The dark­ness of the dream and the fucked up beau­ty were per­haps most realised for the sin­gle Hell­hole Ratrace, a stand­ing­ly impact­ful song from the entire Girls oeu­vre, the video which was height­ened by a very can­did slow motion win­dow into a night of hedo­nism. We would just hang out in San Fran­cis­co after the bars would close, wan­der around,” recalls Brown of the inspi­ra­tion behind the video. Depend­ing on what we were on… we’d stay up a lit­tle lat­er, and walk to Fisherman’s Wharf, and hang out with the fish­er­men in the morning.”

Hell­hole Ratrace holds a spe­cial place in many hearts. Dean Bein doesn’t skip a beat nam­ing it as his favourite song, still, to this day (“I think eter­nal­ly of the agony and the ecsta­sy of youth or some­thing. It’s not like, oh, it was so fun all the time, we were just all fucked up and every­thing was crazy. It was a mix.”). Mean­while, Chris men­tions it through­out our con­ver­sa­tion both in high praise of what he cre­at­ed, and also in the know that it is a hard song to out­write. It is an anthem to many, myself includ­ed; a light that shines on the dark­est days of liv­ing, an inspi­ra­tion to keep going. You only need to take one glance at the com­ments on YouTube to under­stand this. How many lives has this song saved,” one user writes. This song is so powerful.”

Girls fol­lowed up Album with the excel­lent Bro­ken Dreams Club EP in 2010 and then anoth­er album, Father, Son, Holy Ghost, the fol­low­ing year. But the project had quick­ly become exhaust­ing. I remem­ber at one point, when we were play­ing a lot, telling JR, Sor­ry, Girls can­not become the Hell­hole Ratrace. I have to leave,’” Chris says, I can’t write a song about stuff becom­ing no good, and then hav­ing the band become… I don’t know. For what­ev­er rea­son, it did sort of become that at one point.”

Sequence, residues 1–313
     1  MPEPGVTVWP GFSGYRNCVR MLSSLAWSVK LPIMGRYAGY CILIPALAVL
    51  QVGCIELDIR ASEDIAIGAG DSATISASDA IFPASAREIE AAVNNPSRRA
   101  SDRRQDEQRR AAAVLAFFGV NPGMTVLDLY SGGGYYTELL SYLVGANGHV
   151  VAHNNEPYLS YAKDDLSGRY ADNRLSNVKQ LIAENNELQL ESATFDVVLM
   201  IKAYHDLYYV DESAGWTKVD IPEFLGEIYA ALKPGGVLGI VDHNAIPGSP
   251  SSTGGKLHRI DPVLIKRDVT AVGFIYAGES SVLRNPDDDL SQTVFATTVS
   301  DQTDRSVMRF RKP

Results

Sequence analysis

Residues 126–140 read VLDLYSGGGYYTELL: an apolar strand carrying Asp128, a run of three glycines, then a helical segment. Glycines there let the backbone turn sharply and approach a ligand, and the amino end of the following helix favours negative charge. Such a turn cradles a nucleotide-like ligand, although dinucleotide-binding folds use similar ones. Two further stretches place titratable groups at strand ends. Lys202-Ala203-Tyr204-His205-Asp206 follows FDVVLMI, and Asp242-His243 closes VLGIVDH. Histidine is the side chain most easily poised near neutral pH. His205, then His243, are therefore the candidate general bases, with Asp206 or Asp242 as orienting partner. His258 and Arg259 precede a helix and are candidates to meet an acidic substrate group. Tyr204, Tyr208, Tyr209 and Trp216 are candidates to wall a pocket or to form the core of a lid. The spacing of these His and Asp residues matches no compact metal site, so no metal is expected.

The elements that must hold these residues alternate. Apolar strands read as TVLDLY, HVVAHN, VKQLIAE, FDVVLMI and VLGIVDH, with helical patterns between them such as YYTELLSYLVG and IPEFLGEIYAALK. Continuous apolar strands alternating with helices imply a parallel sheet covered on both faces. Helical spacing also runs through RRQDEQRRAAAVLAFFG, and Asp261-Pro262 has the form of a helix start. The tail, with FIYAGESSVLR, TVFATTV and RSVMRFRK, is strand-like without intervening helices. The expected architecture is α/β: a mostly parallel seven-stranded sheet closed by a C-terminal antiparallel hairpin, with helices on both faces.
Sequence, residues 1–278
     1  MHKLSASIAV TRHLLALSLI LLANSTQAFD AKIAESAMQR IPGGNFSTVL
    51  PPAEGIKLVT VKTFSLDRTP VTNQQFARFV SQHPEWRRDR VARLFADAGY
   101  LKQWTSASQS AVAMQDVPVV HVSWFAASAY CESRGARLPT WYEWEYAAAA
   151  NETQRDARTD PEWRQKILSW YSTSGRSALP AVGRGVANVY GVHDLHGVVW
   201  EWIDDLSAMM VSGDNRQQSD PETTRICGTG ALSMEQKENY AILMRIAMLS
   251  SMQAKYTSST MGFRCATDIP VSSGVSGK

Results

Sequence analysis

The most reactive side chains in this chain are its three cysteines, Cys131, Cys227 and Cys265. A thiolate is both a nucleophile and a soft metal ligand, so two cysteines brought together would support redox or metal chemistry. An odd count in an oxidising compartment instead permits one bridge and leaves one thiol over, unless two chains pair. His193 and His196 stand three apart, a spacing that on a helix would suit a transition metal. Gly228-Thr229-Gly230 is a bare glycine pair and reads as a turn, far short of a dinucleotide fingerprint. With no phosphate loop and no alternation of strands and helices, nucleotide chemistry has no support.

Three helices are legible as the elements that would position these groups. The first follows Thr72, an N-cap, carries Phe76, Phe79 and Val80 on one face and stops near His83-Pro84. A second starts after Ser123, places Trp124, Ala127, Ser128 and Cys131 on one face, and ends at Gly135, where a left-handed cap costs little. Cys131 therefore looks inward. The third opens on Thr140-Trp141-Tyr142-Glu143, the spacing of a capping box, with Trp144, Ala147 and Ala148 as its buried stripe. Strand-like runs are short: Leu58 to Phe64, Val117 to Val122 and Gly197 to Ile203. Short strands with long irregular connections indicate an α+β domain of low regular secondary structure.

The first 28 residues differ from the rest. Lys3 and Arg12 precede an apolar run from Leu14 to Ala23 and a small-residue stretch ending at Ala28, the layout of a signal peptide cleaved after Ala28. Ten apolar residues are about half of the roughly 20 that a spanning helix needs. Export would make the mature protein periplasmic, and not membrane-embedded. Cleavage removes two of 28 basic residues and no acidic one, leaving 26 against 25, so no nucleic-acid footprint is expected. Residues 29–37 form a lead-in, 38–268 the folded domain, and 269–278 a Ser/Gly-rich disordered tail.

All Tomorrow’s Par­ties, Curat­ed by Jim Jar­musch (2010)

Logis­ti­cal­ly, they nev­er quite nailed fill­ing out the band’s line-up beyond Chris and JR. There was no effort to make a band,” says Chris. Over three years we had 30 peo­ple play live with us. That means three years down the road… I’m teach­ing some new per­son who has joined at the last minute how to play Lust For Life again.”

Chris names this as the one regret he has with the band, and one that con­tin­ues to have a but­ter­fly effect on his music and his rela­tion­ship to JR, which is com­plex and not par­tic­u­lar­ly easy to dis­cern. Brown and Bein remem­ber the duo’s chem­istry well. JR and Christopher’s rela­tion­ship with each oth­er was so almost… roman­tic is not the word, but it was that inten­si­ty,” says Brown.

In 2012, Girls came to an end via a state­ment tweet­ed by Chris, which read:

Dear all, This may come as a sur­prise to many & has been an issue of much thought for me. My deci­sion was not easy to make. I am leav­ing Girls. My rea­sons at this time are per­son­al. I need to do this in order to progress. I will con­tin­ue to write & record music. More will be announced soon. I thank you all for every­thing. Sin­cere­ly – Christopher.”

JR has stat­ed he found out about the breakup of the band through the tweet rather than through Chris. I think JR and I are fine,” says Chris. We’re the kind of peo­ple that we can pick up at any point and it’s the same.” The pair haven’t spo­ken in years.

As a solo artist, Christo­pher Owens went on to release three albums, and in recent years he has rebirthed Curls with a new band, and they have recent­ly com­plet­ed a new album. JR, for his part, has worked play­ing and pro­duc­ing albums for artists such as Cass McCombs, Tobias Jes­so Jr., Spec­trals and DIIV.

There is a cer­tain melan­choly expressed by those involved in Album, as if enough time has passed where they can all see a clear pic­ture of the inno­cence of their tem­po­rary reck­less­ness and excite­ment. But for all its dark­ness, the record still warms the heart. As Chris sings on Lau­ren Marie: It isn’t right to sit around and think about the awful things that get you down / You’ve got­ta try to wear a smile no mat­ter how hard it can be to do.

00:00 / 00:00